On Monday night, the Kulluk, 266 feet in diameter, broke free from one tow ship and the Coast Guard ordered a second ship to disconnect, fearing for the safety of its crew.

The Kulluk is sitting on the southeast coast of Sitkalidak Island, an uninhabited island separated by the Sitkalidak Strait from the far larger Kodiak Island to the west. The nearest town, Old Harbor, is across the strait on Kodiak Island; it has a population of about 200 people. The strait is home to a threatened species of sea lion.

A spokesman for the Interior Department’s offshore drilling safety office would not say whether the latest problem would cause a re-evaluation of the agency’s approval of Shell’s overall Arctic program. But the spokesman of the Bureau of Safety and Environmental Enforcement, said that any equipment Shell proposes to use off the Alaskan coast must meet federal safety and testing standards. He added that regulations require a federal inspector be present around the clock during drilling operations.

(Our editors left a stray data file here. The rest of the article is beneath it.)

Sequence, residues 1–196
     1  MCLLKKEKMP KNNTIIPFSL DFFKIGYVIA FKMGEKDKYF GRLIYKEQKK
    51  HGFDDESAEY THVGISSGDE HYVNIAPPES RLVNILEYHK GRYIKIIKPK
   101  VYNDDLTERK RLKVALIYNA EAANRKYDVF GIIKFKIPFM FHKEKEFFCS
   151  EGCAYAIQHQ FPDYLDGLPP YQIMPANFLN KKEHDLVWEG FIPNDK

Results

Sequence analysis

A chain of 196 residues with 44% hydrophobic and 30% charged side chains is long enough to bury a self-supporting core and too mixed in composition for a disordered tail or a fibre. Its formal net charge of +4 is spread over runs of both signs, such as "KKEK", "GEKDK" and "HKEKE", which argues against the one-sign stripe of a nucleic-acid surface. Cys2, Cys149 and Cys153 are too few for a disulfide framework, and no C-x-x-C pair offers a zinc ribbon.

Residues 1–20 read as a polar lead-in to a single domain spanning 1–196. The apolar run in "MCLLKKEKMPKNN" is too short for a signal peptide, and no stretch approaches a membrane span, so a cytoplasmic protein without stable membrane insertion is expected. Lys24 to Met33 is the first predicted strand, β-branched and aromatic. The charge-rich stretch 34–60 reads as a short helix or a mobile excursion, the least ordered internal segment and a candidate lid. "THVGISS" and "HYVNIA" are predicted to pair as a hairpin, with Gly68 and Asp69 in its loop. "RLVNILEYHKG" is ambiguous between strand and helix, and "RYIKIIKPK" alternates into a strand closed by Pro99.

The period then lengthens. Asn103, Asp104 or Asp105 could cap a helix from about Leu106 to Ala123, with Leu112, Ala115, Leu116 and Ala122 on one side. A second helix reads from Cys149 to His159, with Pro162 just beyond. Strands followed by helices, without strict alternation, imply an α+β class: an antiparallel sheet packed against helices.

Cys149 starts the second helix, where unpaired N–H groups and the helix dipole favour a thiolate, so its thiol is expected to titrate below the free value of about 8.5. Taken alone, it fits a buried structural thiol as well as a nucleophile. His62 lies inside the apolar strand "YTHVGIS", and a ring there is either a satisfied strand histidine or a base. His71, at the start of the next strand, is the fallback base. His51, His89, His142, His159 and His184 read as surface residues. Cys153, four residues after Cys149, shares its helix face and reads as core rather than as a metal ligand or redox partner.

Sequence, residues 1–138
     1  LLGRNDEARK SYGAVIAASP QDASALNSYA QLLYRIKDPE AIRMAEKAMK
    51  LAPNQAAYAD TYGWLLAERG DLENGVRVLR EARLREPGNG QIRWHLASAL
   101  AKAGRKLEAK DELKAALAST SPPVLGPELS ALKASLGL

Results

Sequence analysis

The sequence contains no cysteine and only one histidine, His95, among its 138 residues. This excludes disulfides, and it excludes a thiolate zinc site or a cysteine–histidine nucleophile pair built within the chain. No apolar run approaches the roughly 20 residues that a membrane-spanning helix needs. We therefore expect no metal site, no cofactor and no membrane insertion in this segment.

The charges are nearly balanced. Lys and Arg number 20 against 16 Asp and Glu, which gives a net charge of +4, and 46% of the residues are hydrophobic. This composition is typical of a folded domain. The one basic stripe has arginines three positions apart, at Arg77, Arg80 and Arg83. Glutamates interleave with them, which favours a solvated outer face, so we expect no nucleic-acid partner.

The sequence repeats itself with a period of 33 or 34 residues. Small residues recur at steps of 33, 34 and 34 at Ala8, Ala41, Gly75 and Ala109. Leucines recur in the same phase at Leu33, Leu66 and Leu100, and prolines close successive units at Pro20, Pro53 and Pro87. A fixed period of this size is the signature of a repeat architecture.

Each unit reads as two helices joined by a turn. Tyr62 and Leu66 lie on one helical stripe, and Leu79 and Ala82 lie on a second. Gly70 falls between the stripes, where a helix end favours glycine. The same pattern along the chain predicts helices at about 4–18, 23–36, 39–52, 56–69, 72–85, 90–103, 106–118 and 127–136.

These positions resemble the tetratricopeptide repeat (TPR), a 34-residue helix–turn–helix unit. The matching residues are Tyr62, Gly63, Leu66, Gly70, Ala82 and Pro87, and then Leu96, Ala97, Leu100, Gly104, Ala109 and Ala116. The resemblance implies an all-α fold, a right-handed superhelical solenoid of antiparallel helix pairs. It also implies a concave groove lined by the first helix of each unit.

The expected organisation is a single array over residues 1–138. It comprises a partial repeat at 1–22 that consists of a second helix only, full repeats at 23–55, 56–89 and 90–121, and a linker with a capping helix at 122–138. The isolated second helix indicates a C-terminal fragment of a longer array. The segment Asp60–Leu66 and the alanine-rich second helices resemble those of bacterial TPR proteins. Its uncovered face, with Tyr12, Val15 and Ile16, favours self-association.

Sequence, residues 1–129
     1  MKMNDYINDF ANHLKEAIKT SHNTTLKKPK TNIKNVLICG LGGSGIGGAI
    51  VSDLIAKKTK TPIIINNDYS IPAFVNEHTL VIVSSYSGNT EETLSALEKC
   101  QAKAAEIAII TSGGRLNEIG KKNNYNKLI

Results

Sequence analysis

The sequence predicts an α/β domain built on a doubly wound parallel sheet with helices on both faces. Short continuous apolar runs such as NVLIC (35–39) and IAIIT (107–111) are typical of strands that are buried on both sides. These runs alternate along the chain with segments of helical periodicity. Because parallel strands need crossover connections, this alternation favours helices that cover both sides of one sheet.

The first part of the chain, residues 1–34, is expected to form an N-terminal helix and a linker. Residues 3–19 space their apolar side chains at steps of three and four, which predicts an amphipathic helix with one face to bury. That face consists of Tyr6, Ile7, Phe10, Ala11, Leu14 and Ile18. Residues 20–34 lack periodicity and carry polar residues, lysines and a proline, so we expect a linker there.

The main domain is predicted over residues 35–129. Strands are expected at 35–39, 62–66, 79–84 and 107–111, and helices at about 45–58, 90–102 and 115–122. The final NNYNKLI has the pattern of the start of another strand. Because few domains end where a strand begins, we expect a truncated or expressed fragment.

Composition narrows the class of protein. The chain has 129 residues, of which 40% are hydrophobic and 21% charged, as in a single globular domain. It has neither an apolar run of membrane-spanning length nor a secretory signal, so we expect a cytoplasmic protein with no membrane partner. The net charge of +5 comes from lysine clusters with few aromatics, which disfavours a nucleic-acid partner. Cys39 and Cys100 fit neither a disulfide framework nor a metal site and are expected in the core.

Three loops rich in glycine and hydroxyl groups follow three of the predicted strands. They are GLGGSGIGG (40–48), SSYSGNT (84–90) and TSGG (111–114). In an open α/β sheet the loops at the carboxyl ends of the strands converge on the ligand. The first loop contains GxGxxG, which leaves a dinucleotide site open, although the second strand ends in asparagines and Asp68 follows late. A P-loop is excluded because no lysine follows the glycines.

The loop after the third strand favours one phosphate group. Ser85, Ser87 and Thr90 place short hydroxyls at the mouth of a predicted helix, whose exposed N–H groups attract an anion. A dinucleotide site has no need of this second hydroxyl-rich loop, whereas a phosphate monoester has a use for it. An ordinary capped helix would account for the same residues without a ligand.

The other ship Shell has used in the Arctic, the Noble Discoverer, has had problems of its own. In July, before sailing to the Arctic, it nearly ran aground after dragging its anchor in the Aleutian Islands. Then in November it had a small engine fire.

Later that month, during an inspection in the Alaskan port of Seward, the Coast Guard found more than a dozen violations involving safety systems and pollution equipment. Last week, the Noble Corporation, the Swiss company that owns the 512-foot-long drillship and is leasing it to Shell for $240,000 a day, said that many of the problems had been repaired and that the ship was preparing to sail to Seattle to fix the remainder of them.